End revolving-door appointments

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End revolving-door appointments

Old habits - especially the bad ones - die hard. A deeply rooted habit among bureaucrats is revolving-door appointments and favoritism. As many as 10 former and incumbent senior-level officials from the Financial Supervisory Service, the country’s financial watchdog, have landed high-paying jobs in the financial sector. Among them are the director-general of the FSS audit office, the first incumbent senior member to land an auditing job in the private sector in three years.

When nepotism was cited as the reason for negligence in financial oversight during the mutual savings bank meltdown three years ago, the FSS publicly declared an end to revolving-door appointments. It banned public officials from having jobs in a similar line of work for two years after leaving office. But somehow the revolving-door tradition crept back in.

The FSS explained that the appointments were made at the strong request of financial institutions and the new jobs were unrelated to the public office of the candidate. The pursuit of financial companies for active senior officials from the financial watchdog underscores the underdeveloped mind-set of a financial industry hoping that connections would help business or avoid punitive actions. One bank official said if an auditor’s seat is reserved for a public official, then it’s best that the official came from the FSS and was in charge of regulations and supervision.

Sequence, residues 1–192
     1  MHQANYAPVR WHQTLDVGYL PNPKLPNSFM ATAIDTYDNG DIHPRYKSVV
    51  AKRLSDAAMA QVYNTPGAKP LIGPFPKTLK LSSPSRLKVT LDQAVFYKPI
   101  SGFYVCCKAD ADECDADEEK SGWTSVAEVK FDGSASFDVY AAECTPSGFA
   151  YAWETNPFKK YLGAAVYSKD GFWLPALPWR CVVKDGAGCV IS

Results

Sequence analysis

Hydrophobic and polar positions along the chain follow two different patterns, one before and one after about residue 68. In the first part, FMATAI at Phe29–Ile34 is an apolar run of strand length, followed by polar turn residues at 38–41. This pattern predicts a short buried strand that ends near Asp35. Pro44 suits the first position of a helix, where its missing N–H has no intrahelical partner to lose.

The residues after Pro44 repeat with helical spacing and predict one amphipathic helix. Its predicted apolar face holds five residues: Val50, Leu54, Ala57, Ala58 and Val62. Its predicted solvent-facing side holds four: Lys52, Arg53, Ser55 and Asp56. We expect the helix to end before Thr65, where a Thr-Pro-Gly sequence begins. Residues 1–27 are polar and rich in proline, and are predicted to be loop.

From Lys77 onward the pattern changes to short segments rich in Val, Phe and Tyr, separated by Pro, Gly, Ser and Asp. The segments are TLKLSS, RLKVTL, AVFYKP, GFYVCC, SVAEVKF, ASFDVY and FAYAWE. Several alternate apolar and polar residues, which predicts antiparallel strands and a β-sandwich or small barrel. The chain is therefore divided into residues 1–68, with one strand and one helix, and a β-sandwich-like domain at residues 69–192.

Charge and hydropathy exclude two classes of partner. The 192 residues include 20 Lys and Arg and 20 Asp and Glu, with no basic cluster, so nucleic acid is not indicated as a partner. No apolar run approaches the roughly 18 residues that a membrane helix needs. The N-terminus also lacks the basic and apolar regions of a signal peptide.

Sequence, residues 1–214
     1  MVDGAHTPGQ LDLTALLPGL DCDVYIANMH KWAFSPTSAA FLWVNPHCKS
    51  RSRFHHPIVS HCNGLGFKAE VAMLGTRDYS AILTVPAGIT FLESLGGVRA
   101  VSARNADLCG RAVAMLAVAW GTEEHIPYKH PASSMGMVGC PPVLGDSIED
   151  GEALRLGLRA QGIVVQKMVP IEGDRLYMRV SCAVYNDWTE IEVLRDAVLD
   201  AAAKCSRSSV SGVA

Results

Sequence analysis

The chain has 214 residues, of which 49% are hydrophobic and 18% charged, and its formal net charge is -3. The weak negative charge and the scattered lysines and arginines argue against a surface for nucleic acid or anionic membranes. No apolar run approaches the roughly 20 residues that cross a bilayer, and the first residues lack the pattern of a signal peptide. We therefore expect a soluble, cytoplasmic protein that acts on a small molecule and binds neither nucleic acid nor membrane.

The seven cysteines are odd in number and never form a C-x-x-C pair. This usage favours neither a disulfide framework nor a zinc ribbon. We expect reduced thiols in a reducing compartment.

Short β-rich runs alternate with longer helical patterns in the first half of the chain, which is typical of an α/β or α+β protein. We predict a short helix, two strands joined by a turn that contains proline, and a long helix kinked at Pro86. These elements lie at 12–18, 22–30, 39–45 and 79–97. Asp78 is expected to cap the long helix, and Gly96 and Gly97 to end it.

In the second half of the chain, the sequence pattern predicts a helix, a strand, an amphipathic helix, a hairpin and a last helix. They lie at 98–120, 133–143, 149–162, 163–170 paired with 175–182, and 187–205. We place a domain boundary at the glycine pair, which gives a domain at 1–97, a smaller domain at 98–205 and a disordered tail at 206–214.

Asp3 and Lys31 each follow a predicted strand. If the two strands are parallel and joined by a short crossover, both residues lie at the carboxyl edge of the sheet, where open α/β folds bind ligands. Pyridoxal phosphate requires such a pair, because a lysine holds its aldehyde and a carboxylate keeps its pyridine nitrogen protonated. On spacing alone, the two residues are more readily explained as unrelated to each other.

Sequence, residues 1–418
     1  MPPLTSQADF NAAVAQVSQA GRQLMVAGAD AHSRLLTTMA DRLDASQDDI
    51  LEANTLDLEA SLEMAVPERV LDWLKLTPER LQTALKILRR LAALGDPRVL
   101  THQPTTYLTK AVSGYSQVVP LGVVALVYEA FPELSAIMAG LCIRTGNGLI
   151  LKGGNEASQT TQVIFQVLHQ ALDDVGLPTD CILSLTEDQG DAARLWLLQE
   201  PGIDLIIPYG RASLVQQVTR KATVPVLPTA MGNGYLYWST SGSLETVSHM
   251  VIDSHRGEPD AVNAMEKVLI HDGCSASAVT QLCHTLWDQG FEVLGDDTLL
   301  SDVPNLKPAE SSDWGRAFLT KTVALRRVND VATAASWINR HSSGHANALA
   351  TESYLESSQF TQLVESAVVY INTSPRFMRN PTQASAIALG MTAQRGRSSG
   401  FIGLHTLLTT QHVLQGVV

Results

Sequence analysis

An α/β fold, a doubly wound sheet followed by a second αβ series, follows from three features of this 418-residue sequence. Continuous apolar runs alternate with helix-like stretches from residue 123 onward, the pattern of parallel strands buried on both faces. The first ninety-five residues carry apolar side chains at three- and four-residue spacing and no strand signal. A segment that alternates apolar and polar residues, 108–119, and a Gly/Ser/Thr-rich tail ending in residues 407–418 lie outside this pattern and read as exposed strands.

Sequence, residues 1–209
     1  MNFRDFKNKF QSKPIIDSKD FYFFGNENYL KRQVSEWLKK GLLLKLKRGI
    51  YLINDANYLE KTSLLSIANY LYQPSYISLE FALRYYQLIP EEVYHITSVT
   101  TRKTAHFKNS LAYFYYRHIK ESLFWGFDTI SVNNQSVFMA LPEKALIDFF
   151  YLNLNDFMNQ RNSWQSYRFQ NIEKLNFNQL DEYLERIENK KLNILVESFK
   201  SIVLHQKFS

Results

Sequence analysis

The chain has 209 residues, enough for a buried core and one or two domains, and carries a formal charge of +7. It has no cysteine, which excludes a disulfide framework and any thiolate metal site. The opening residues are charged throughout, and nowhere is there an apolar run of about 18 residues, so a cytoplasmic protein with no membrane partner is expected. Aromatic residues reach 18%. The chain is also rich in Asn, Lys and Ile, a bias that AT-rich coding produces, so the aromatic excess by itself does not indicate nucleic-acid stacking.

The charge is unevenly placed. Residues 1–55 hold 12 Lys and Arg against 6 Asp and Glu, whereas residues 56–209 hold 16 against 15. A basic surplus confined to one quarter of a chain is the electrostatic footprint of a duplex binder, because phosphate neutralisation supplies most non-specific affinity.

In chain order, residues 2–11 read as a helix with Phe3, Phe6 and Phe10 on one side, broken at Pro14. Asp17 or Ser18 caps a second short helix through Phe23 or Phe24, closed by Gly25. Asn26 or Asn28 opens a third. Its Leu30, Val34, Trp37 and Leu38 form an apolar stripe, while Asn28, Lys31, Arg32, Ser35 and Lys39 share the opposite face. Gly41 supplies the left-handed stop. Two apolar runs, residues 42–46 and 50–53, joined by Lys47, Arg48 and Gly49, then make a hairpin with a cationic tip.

The revolving-door legacy had mutually benefited the regulating agency and the industry. Financial entities hire FSS officials to lobby and protect their interests, while public employees are happy to be guaranteed fat paychecks and a comfortable lifestyle after retirement from the public sector. As long as the bargain lives on, it is hard to expect vigilance from the regulator. Many have been charged with wrongdoing during the mutual bank crisis, pocketing bribes thanks to behind-the-scenes connections with financial institutions. The auditors at the credit card companies that are under fire for the largest-ever leak of client information also came from the FSS.

Behind major financial sector scandals, there have always been officials from the FSS who joined the companies through the revolving door. And every time, the government and FSS pledged the practice would never recur. But the practice will never go away unless the mighty power of the FSS remains above the law in the financial industry.

Without cutting the connection, the country’s financial sector will never gain competitiveness through high standards.

JoongAng Ilbo, March 12, Page 34


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